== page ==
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Let's Lift Our Heads Up: Part 2

Imam Warith Deen Muhammad


With the Name Allah, the Gracious, the Compassionate. As-Salaam-Alaikum

On Feb. 24, 1980, Imam Warith Deen , Muhammad, leader of the World Community of Al-Islam in the West, delivered a stirring ad­dress on the subject of the African-American "Identity Crisis" in a nationwide, live radio broadcast. Speaking from Masjid Elijah Muhammad in Chicago, where more than 6,000 Muslims gathered for the address, Imam Muhammad urged African-Americans (Bilalians) to "lift our heads up" and put faith in God.

Following the Imam's hour-long broadcast directed to the general public, the members of the WC/ W conducted an extended meeting on Community matters via telephonic con­nections with scores of masjid communities around the country.

According to the WC/ W Council of Imams, this February meeting ends a near 50-year tradition of the Community in conducting a special February observance or convention during the last week in the month.

Following is an abbreviated text of Imam Muhammad's historic address. Continued from last week:


So when I read the book by Eugene Perkins I had to agree and also disagree with him. I agree with him that we do suffer a plantation .problem, but I am aware that the plantation problem goes beyond the plantation.

If we had had our right minds as slaves when we were freed we would have taken better ad­vantage of the opportunity. But because we didn't have our right minds as slaves, when the opportunity came we couldn't take good ad­vantage of it. We have been sloppy in our effort to try to take advantage of opportunity — very sloppy.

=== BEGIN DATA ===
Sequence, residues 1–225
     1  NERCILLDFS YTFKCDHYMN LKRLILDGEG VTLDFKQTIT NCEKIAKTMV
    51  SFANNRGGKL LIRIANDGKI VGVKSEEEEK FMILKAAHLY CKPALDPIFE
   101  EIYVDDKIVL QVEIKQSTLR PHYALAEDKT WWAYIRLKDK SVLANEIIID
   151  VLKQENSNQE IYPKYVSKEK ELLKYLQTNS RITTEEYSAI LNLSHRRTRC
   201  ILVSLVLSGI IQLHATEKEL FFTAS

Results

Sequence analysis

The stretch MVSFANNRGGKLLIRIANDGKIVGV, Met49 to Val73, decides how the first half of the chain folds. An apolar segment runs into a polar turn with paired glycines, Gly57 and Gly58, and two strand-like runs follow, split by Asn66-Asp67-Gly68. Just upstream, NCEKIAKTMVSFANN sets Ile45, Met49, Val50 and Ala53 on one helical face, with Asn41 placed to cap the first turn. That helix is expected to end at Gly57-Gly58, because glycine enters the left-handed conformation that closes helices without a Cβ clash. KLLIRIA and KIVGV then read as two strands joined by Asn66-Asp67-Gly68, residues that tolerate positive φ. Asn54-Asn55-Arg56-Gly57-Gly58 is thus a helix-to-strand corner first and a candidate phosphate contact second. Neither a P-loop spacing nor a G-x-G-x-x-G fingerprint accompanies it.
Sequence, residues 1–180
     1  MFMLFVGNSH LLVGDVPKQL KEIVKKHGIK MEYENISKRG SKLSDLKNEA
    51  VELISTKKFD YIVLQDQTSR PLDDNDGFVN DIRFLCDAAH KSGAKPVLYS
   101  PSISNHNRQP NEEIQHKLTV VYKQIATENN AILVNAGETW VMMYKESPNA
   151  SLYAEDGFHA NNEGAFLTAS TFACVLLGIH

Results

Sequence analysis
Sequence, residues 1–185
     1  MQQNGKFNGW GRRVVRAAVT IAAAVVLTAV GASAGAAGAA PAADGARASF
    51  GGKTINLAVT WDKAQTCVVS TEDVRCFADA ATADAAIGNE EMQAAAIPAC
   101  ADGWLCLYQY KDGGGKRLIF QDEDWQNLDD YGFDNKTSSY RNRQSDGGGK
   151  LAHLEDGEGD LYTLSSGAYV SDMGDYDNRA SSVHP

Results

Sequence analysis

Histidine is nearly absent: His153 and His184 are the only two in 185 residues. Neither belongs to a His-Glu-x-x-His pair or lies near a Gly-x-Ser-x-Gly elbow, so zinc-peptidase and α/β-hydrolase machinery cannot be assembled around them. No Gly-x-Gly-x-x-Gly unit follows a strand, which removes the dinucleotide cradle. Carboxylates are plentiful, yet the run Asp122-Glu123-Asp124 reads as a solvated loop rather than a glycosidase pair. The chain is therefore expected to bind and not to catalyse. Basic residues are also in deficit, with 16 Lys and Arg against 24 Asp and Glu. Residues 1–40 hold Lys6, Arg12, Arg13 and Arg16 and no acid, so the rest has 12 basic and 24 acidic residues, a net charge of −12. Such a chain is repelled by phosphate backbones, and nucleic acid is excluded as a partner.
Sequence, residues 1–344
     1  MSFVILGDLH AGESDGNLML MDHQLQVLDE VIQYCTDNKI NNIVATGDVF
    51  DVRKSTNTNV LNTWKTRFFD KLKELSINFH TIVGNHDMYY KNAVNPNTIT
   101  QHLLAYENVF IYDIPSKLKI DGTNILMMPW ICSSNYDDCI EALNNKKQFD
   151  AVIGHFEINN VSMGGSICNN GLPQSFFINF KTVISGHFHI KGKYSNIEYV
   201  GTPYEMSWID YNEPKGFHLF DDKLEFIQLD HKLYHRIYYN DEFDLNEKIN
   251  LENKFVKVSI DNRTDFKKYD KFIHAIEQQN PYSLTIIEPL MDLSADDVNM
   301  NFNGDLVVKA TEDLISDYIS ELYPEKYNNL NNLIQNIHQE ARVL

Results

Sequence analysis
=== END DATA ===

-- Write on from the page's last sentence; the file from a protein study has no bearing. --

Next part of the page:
The very proof of that is the fact that more money comes through our hands than comes through the hands of any other minority in the country or in the world. There is not another minority in the world that has more money coming through its hands than we do.
I heard a figure not so long ago that 5130 billion a year comes through our hands. There have been estimates here recently of S90 billion to 8130 billion that comes through our hands annually — every year.

At one time our spending money amounted to more than the gross national product of Canada. But we have the greatest percentage on welfare, we have the greatest percentage out of jobs, we have the greatest percentage in crime, we have the greatest percentage behind bars.

Those are facts that we as responsible people, especially leaders, have to deal with. We have to face those facts, we have to deal with those facts, we have to find the causes; all problems have causes.

All this money is coming through our hands and our condition stays relatively the same. What I mean by relatively — if we go back in history we find that during Reconstruction time, many Bilalians held more positions of prestige than we do now; we do not hold as many prestigious positions now as we held in the time of Reconstruciton.